Beating Jet Lag on an Insane 4 Day London -Tokyo – London Trip

London to Tokyo and back in 4 days is one of the most despised trips I hear flyers complain about. I’m here to tell you it REALLY doesn’t have to be that way ! No, really, no hyperbole or exaggeration.
I write about healthy flying and I love to put the tools I have learnt over 18 years of flying to the test from the standpoint of a nutritional therapist, frequent flyer and flight attendant and especially when I haven’t been to a destination in a couple of years, like Japan. Let me show you how.

First things first

I don’t do drugs or any kind of sleeping aids

  • The previous night I had 5.34 minutes sleep…boo hoo!
  • I had a 9.15 AM report for the BA007
  • I had 3 hours 25mins bunk rest of which I slept for 3 hours

Secrets summarised

  1. A quality pair of noise cancelling headphones for bunk rest
  2. Sleeping in a Grounding Sheet whenever I slept in Tokyo
  3. Forcing a Body Clock rest to entrain it while in Tokyo
  4. Listening to body cues and working with them
  5. Avoiding unnecessary bright lights after sundown

How I did it

Always travel with a pair of noise-cancelling headphones. Noise at aircraft engine decibel level is stressful on the entire immune system and can hinder you falling asleep. At rest time out come my Parrot Zik 2.0’s whenever I want to sleep (1).
On arrival at Haneda International I could have chosen to put on sunglasses to avoid daylight but this time I didn’t (5). On arrival at the hotel I went straight to bed for about 4 hours in my grounding sheet (2) without an alarm, (sometimes I set one) depending on what I have planned.

On waking, staying in a fasted state (no solid food), I made my way to Gold Gym for an aerobic workout (3). On returning to my hotel, I ate and did some work on my laptop ( I also use the f.lux app to dim the screen automatically as sunset approaches. As I was working I started feeling drowsy (10.30ish) so that was my cue to turn in for the night (4), again sleeping in my grounding sheet (2).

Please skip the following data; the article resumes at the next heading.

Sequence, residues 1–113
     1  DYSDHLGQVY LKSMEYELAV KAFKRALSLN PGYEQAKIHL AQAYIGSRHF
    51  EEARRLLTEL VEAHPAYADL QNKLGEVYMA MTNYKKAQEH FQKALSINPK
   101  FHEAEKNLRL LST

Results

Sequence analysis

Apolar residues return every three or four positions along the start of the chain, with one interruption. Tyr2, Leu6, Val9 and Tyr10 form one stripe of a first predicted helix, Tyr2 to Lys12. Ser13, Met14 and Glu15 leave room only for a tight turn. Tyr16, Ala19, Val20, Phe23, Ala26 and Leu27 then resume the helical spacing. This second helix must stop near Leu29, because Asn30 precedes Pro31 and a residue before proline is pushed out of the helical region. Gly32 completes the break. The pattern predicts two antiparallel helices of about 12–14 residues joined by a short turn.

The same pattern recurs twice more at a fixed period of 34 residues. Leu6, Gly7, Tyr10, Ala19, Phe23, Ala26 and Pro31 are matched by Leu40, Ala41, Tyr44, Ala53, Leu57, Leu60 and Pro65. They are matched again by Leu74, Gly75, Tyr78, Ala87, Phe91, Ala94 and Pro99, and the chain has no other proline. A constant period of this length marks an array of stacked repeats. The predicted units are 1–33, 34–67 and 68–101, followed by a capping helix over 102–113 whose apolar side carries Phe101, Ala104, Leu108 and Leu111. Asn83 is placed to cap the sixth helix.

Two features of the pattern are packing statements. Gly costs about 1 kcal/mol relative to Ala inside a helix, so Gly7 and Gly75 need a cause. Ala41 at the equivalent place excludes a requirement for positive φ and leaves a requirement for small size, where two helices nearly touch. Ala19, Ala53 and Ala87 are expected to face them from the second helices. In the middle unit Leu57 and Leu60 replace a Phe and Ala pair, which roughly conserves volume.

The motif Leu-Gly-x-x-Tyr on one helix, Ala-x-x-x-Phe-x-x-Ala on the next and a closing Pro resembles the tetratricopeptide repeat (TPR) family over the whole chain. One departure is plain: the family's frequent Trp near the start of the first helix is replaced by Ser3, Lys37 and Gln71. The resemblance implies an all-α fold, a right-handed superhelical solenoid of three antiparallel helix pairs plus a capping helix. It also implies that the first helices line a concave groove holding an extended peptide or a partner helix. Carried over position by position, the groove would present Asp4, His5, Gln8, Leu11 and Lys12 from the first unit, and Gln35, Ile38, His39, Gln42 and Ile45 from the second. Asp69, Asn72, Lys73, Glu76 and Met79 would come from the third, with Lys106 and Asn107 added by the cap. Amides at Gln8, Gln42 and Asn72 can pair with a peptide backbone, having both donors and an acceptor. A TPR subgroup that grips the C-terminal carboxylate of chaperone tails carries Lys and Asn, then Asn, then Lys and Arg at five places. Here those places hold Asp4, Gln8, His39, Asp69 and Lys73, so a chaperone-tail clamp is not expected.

I woke up once during the night feeling hot (a cue telling me my body temperature is mid shift, i.e. at home it corresponds to the time I would be out and about and probably my body’s highest temperature. Working with this cue means staying in the dark and simply taking off some bed covers or clothes so your body can cool down again, I did this and promptly fell back off to sleep (4). If you have to go to the bathroom don’t turn on any lights.

I woke up at around 6 am local time, which is usual at home for me unless I decide to sleep in. The picture you see at the head of this article is one I took when I went for a morning walk at Rinko Park Yokohama.

Off to the gym again to entrain by raising my core body temperature, I did a mixture of weights and aerobic exercises (3). Once that was done all I had to do was stay in plain sight around the activities of the day to stay in rhythm. So working from the hotel lobby was the easy option. After a bit of shopping and something to eat, and catching up on the news, it was off to bed, again around 10.30PM.

I woke up around 6 am again a whole hour before my scheduled alarm call for pick up feeling good and toyed with the idea of going for a quick walk to the park again or round the block. In the end I didn’t but I did wander round the hotel complex for about 20 minutes. On the plane home bunk rest was again around 3+ I slept again with my Parrot Zik’s on.

Post flight back in London

I got home at around 3.15 having landed 15 minutes early, I had a cup of green tea with theanine to gently keep me alert and focussed. At 20.35 I felt the need for sleep, so off I went to bed, again sleeping in my grounding sheet and slept for 9+ hours waking up at my customary time of about 6 am. As you can guess by now, I went to the gym in a fasted state to help me acclimatise and entrain my body clock by raising my core temperature.

What are the takeaways you can use?

  1. We all have differing biochemistries but there are some broad principles we can all use to make the most of our travel plans no matter what.
  2. Some kind of routine is important to follow because it helps you recreate the order travel often disrupts.
  3. Investing in quality tools like a grounding sheet and noise cancelling headphones is crucial, SERIOUSLY do it, if you are gaining weight and sleeping badly and your hormones are running amok you won’t regret it.
  4. Beating jet lag for frequent flyers from all walks of life requires a lifestyle approach, an approach no pill can compete with for the long-term health and better results.

If you want specific coaching on how to implement these types of solutions to your jet lag and travel wellness problems contact me via the booking form on NoJetStress.com.

I offer a complementary taster session for all frequent flyers before they book a paying session so they can decide if this is the right type of solution for them.
If all my explanations sound like mumbo jumbo and you can’t make head or tail of the science behind all this you really need to contact me because beating jet lag really is backed up by scientific method and data in this age of technology.


  • We all have differing biochemistries but there are some broad principles we can all use to make the...  Buffer
  • Investing in quality tools like a grounding sheet and noise cancelling headphones is crucial,...  Buffer
  • Beating jet lag for frequent flyers from all walks of life requires a lifestyle approach, an...  Buffer